The consequence of all this is that most humans will lose their economic usefulness: “homo sapiens is an obsolete algorithm”. In a universe full of data flows the value of any phenomenon is determined by its contribution to data processing. In the past humans were supposed to distil data into information, information into knowledge and knowledge into wisdom (strangely enough no mention here of Eliot, who made the point more concisely back in 1934) but Harari suggests that humans can no longer cope with the data flow and that therefore the work should be outsourced to electronic algorithms whose capacity far exceeds that of the human brain. There will of course be a small group of super-humans (perhaps one per cent) who have managed to secure themselves an upgrade through wearable and implanted devices enabling them to live forever and exercise control over the rest of us, who must remain content with “upgrading our status on Facebook”.
Harari doesn’t mention Keynes either, but the implications of his thesis is that by 2030 we may all be forced into a life of leisure whether we like it or not because we will have been made redundant by machines and their algorithms, which will be vastly more efficient than ourselves. History, however, is littered with “end is nigh” prophecies which turned out to be groundless. People have always worried about the implications of new technologies. In sixteenth century Britain Elizabeth I refused to grant a licence for a newly invented knitting machine because it might put hand-knitters out of business. Not everyone has been convinced by Harari’s analysis: John Naughton, the Observer’s resident cyber-sceptic commented: “the technocratic ideology underpinning our current obsession with ‘big data’ will eventually collapse under the weight of its own absurdity”.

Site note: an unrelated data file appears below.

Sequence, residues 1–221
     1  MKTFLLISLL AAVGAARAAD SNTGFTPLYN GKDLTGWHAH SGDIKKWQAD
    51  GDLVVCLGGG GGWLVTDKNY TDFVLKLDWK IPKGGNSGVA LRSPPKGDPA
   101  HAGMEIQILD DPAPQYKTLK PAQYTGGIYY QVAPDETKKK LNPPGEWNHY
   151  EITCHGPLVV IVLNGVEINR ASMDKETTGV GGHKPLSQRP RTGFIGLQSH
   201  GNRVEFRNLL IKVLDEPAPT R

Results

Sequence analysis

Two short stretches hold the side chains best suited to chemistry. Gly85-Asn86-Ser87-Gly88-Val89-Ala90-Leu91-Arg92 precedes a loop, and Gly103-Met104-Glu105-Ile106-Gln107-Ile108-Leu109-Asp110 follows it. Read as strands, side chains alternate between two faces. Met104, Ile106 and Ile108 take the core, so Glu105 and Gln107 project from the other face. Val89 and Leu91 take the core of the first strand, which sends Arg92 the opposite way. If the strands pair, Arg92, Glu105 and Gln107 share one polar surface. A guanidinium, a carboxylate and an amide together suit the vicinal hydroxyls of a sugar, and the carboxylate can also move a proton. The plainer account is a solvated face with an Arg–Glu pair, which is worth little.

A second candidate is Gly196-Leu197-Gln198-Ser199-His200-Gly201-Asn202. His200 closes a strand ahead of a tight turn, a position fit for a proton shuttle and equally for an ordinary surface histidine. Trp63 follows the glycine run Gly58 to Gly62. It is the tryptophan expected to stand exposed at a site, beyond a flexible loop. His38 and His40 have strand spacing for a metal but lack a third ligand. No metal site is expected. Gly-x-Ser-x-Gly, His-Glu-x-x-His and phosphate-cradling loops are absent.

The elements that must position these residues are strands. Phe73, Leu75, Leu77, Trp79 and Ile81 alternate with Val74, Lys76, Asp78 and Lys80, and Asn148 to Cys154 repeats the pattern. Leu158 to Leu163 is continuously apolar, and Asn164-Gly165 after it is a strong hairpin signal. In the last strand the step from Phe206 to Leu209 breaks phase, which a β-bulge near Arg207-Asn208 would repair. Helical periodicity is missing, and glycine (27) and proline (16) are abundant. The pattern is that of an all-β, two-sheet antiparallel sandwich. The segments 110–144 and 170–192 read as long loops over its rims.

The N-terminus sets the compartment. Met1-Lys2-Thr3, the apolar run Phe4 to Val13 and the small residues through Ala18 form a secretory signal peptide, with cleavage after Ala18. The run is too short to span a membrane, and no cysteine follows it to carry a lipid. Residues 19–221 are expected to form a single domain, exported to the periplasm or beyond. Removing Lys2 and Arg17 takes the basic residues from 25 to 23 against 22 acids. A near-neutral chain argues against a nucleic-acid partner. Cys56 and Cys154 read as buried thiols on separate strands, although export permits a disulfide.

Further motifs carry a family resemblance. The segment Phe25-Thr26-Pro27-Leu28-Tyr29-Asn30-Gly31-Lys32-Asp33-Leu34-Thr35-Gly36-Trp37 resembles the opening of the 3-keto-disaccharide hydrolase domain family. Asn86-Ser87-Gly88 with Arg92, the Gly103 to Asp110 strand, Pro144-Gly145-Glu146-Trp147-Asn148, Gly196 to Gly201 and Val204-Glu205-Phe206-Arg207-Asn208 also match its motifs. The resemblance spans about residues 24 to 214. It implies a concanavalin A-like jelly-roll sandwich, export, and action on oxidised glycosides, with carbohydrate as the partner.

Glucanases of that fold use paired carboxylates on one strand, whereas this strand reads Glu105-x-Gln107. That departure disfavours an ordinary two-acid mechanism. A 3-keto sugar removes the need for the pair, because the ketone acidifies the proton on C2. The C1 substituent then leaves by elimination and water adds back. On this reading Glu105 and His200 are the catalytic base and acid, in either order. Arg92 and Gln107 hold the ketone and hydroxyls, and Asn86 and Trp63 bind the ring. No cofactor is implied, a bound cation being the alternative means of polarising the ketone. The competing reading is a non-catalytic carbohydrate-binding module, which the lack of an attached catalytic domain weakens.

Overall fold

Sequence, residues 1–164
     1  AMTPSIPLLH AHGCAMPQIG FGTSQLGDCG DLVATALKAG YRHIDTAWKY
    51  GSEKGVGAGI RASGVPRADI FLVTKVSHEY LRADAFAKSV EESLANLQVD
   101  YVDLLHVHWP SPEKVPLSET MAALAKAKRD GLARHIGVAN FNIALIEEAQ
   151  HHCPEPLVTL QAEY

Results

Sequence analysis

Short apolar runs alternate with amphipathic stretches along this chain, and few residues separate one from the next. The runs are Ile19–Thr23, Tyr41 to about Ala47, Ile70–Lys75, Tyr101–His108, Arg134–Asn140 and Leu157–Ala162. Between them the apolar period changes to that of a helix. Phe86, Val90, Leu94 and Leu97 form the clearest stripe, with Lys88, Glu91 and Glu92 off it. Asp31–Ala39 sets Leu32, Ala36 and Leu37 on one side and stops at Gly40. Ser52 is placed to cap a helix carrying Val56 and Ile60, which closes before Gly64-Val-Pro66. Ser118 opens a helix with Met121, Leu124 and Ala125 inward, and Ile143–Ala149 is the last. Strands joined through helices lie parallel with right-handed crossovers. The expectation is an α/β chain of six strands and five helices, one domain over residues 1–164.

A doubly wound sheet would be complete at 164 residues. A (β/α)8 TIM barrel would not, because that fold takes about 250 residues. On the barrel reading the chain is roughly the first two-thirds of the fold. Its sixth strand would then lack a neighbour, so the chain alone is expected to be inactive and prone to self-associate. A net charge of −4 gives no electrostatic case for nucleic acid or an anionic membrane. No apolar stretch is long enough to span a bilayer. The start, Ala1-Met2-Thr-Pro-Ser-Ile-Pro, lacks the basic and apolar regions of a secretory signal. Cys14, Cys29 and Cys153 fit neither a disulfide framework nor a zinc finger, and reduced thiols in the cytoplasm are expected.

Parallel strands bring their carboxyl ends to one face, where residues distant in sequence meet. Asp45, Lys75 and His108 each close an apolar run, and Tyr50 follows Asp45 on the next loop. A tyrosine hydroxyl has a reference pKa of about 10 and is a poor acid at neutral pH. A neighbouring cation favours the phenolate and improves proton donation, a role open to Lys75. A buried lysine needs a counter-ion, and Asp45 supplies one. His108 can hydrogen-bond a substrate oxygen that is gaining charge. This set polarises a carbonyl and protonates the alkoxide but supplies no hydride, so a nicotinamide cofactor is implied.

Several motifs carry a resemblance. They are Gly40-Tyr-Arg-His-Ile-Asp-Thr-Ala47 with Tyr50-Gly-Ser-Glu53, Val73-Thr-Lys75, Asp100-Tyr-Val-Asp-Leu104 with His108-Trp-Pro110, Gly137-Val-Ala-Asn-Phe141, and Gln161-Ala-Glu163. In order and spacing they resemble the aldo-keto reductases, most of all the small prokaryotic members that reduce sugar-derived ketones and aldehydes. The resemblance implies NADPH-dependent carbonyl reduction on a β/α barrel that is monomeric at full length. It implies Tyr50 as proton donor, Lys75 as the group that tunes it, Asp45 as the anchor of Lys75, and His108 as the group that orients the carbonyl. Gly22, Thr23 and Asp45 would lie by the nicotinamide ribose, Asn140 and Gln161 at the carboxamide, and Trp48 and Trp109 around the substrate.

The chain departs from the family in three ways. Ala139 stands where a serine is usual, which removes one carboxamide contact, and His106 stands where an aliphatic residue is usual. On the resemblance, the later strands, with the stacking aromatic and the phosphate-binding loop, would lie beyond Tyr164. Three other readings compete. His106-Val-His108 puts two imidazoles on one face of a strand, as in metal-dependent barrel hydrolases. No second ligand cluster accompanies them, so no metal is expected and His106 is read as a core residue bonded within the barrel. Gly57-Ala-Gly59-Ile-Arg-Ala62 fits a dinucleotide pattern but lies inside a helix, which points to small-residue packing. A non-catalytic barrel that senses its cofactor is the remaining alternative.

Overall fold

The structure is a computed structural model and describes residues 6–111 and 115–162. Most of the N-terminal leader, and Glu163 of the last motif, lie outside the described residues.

I’d like to believe this, but a more balanced analysis of the subject in Richard and David Susskind’s The Future of the Professions, makes a convincing case that a profound and fundamental change in employment patterns is imminent. A father and son team, Richard, the father, is a lawyer who has been an adviser to the chief justice of England and Wales while Richard, an economist, has also been a UK government adviser. They have studied the likely impact of technology on a wide range of professions, from lawyers to the clergy, from medicine to tax advisers, and conclude that there will be a “steady decline in the need for flesh and blood professionals” because “we are on the brink of a period of fundamental and irreversible change in the way the expertise of these specialists is made available to society”. They believe that machines will perform more and more tasks that were once assumed to be the preserve of humans.